The second IPEF pillar focusses on supply chains — a topic that garnered the most enthusiasm among participating countries in the lead-up to the ministerial meeting. This pillar aims to improve supply chain transparency, create an information-sharing and crisis response mechanism, and establish criteria to govern critical sectors and goods. All the participating countries have suffered supply chain setbacks due to the COVID-19 pandemic and systemic shocks such as growing calls to diversify away from China.

As Washington explores policies to spur faster decoupling from China, the IPEF supply chain pillar could help identify which countries — and their respective private sector entities — can play a greater role in building more secure supply chains. Supply chain pillar outcomes could eventually yield friction-reducing results akin to the benefits offered by a free trade agreement, though these outcomes would depend on a substantial increase in technical assistance.

Other non-traditional frameworks such as the Quad and the US–EU Trade and Technology Council have similarly sought to build more secure and resilient supply chains. But they also demonstrate the difficulties countries face in producing concrete supply chain outcomes — particularly due to private sector reluctance to share proprietary data.

The clean economy pillar seeks to catalyse investments that reduce emissions, improve sustainability and grow marketplaces for cleaner economies, such as carbon removal technologies. Stakeholders in the United States have looked to the US Development Finance Corporation (DFC) for funding assistance for the IPEF’s clean economy pillar. But the DFC’s relatively limited statutory authority and small budget preclude it from playing an outsize role in development and climate finance.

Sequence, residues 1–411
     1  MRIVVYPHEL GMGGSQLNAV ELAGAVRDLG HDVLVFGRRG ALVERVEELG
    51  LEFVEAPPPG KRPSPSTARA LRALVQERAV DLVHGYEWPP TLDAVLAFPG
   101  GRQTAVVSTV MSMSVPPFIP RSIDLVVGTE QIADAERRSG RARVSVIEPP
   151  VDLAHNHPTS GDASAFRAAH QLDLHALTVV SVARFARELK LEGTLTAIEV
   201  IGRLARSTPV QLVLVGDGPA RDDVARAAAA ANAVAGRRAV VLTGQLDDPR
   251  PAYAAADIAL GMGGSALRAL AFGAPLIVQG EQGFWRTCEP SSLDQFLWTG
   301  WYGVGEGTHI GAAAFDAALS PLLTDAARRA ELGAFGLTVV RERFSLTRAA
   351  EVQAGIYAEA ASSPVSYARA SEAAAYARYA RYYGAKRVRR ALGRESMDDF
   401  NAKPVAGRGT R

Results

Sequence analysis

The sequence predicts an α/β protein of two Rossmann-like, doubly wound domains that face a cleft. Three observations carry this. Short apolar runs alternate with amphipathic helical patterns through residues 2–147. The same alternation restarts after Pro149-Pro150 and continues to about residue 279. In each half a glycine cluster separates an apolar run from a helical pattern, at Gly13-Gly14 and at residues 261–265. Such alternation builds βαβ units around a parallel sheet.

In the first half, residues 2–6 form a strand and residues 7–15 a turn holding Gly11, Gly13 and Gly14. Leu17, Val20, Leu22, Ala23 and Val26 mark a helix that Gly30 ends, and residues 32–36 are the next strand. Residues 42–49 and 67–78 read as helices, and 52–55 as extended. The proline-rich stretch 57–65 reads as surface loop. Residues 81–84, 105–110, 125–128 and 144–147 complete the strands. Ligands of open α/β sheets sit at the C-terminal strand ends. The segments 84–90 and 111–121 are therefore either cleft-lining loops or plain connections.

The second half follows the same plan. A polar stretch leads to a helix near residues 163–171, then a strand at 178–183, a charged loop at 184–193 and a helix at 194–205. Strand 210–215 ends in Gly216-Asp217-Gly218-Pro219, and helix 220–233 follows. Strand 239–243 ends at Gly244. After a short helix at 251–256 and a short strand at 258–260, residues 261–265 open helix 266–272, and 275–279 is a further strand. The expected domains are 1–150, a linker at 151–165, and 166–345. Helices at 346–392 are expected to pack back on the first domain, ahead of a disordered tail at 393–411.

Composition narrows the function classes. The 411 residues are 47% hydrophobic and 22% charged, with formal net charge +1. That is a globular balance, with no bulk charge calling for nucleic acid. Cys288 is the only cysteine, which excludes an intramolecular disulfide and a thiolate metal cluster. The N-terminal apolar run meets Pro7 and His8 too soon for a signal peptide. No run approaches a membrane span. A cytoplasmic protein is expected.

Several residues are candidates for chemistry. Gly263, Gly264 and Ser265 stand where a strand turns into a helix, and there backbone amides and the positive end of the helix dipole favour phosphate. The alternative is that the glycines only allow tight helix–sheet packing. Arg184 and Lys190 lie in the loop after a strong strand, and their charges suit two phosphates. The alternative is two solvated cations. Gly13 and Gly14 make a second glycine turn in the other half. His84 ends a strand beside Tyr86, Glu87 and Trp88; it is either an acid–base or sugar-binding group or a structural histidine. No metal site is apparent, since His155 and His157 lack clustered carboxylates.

The fair economy pillar seeks greater policy convergence among participants on capacity building, cooperation and transparency. It claims it will do this through ‘preventing and combatting corruption, curbing tax evasion and enhancing transparency, recognising the importance of fairness, inclusiveness, the rule of law, accountability and transparency’. But it is unclear which tangible outcomes partners will be able to achieve on this pillar and whether it will incentivise domestic policy change.

The tentative plan is for the parties to convene every other month to hold what will resemble formal ‘rounds’ of trade negotiations. Washington aims to conclude IPEF negotiations ahead of the US-hosted Asia Pacific Economic Cooperation summit in November 2023.

The details remain elusive, casting doubt on whether countries can reach an agreement by that deadline. Still, the ambition to convene often and formally signals that the parties do not want the IPEF to devolve into a series of meetings for meetings’ sake.

Emily Benson is a Fellow with the Scholl Chair in International Business at the Center for Strategic and International Studies (CSIS) in Washington, DC.

Aidan Arasasingham is a Program Coordinator and Research Assistant at CSIS.